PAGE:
Difference between revisions of "Approach to the Wide Complex Tachycardia"

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(Ultrasimple Brugada criterion)
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== Ultrasimple Brugada criterion ==
 
== Ultrasimple Brugada criterion ==
[[File:RWPT.svt|thumb|right|300px|R-wave to Peak Time ≥ 50ms in lead II strongly suggests VT]]In 2010 Joseph Brugada et al. published a new criterion to differentiate VT from SVT in wide complex tachycardias: the R wave peak time in Lead II <cite>Brugada2</cite>. They suggest measuring the duration of onset of the QRS to the first change in polarity (either nadir Q or peak R) in lead II. If the RWPT is ≥ 50ms the likelihood of a VT very high (positive likelihood ratio 34.8). This criterion was successful in their own population of 163 selected patients and is awaiting prospective testing in a larger trial.
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[[File:RWPT.svg|thumb|right|300px|R-wave to Peak Time ≥ 50ms in lead II strongly suggests VT]]In 2010 Joseph Brugada et al. published a new criterion to differentiate VT from SVT in wide complex tachycardias: the R wave peak time in Lead II <cite>Brugada2</cite>. They suggest measuring the duration of onset of the QRS to the first change in polarity (either nadir Q or peak R) in lead II. If the RWPT is ≥ 50ms the likelihood of a VT very high (positive likelihood ratio 34.8). This criterion was successful in their own population of 163 selected patients and is awaiting prospective testing in a larger trial.
  
 
== Vereckei algorithm <cite>Vereckei</cite>==
 
== Vereckei algorithm <cite>Vereckei</cite>==

Revision as of 16:03, 6 November 2010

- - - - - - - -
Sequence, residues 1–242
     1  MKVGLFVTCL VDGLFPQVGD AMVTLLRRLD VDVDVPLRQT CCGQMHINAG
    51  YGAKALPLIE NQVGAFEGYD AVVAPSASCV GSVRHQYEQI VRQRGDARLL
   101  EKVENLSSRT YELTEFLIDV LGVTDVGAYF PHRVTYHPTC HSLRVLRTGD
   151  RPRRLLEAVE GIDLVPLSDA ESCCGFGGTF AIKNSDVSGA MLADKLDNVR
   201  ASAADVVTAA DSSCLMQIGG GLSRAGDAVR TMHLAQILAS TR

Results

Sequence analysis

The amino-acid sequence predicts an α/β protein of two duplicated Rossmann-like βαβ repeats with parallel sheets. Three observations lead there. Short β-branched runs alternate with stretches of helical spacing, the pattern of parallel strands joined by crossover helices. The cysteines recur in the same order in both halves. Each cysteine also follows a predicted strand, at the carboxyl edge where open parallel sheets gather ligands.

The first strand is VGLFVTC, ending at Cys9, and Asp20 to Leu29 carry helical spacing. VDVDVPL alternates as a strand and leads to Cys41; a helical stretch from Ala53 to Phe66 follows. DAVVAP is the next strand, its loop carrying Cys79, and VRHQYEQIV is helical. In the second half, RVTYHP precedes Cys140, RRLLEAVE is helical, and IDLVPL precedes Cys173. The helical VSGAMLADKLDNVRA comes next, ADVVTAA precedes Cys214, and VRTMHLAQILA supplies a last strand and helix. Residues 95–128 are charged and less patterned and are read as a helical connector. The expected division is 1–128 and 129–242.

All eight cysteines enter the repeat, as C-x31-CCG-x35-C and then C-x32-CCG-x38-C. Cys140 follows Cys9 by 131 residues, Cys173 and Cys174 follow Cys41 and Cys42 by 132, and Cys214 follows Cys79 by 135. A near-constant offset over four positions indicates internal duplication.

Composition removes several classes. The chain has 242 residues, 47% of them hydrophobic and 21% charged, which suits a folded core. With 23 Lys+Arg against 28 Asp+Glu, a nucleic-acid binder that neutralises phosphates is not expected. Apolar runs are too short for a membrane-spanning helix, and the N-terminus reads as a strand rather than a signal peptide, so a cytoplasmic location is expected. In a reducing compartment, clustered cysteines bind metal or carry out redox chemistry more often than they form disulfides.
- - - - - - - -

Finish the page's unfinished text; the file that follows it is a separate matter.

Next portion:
During wide complex tachycardia (heart rate > 100/min, QRS > 0.12 sec) the differentiation between supraventricular and ventricular origin of the arrhythmia is important to guide therapy. Several algorithms have been developed to aid in this differentiation (below). It is important to keep in mind that a good estimate of VT versus SVT can be made based on the clinical vignette:

  • 'Horizontal entrance' into the ER. Older patient with previous myocardial infarction = most likely VT
  • Younger patient with known paroxysmal tachycardias and who is hemodynamically stable = most like SVT

The ACC algorithm [1]

SVT vs VT algorhytm. Adapted from [1]


Brugada criteria

Brugada algorithm.png
Morphological criteria (if the above criteria are inconclusive)
LBBB pattern
Initial R more than 40ms? Yes => VT
Rhythm RSratio.png
Slurred or notched downwards leg of S wave in leads V1 or V2 Yes => VT
Beginning of Q to nadir QS >60 ms in V1 or V2? Yes => VT LR >50:1
Q or QS in V6? Yes => VT LR >50:1
Rhythm LBTBmorph nl.png
RBBB pattern
Monofasic R or qR in V1? Yes => VT
R taller than R' (rabbit-ear sign)? Yes => VT LR >50:1
rS in V6? Yes => VT LR >50:1
Rhythm RBTBmorph nl.png


Ultrasimple Brugada criterion

R-wave to Peak Time ≥ 50ms in lead II strongly suggests VT

In 2010 Joseph Brugada et al. published a new criterion to differentiate VT from SVT in wide complex tachycardias: the R wave peak time in Lead II [2]. They suggest measuring the duration of onset of the QRS to the first change in polarity (either nadir Q or peak R) in lead II. If the RWPT is ≥ 50ms the likelihood of a VT very high (positive likelihood ratio 34.8). This criterion was successful in their own population of 163 selected patients and is awaiting prospective testing in a larger trial.

Vereckei algorithm [3]

Vereckei algorithm.png
If the distance traveled on the Y axis in the initial 40ms of the QRS complex is smaller than that traveled in the terminal 40ms of the QRS complex, a VT is much more likely


Examples

Referenties

Error fetching PMID 14563598:
Error fetching PMID 2022022:
Error fetching PMID 17272358:
Error fetching PMID 20215043:
  1. Error fetching PMID 14563598: [ACC]
  2. Error fetching PMID 20215043: [Brugada2]
  3. Error fetching PMID 17272358: [Vereckei]
  4. Error fetching PMID 2022022: [Brug1]

All Medline abstracts: PubMed | HubMed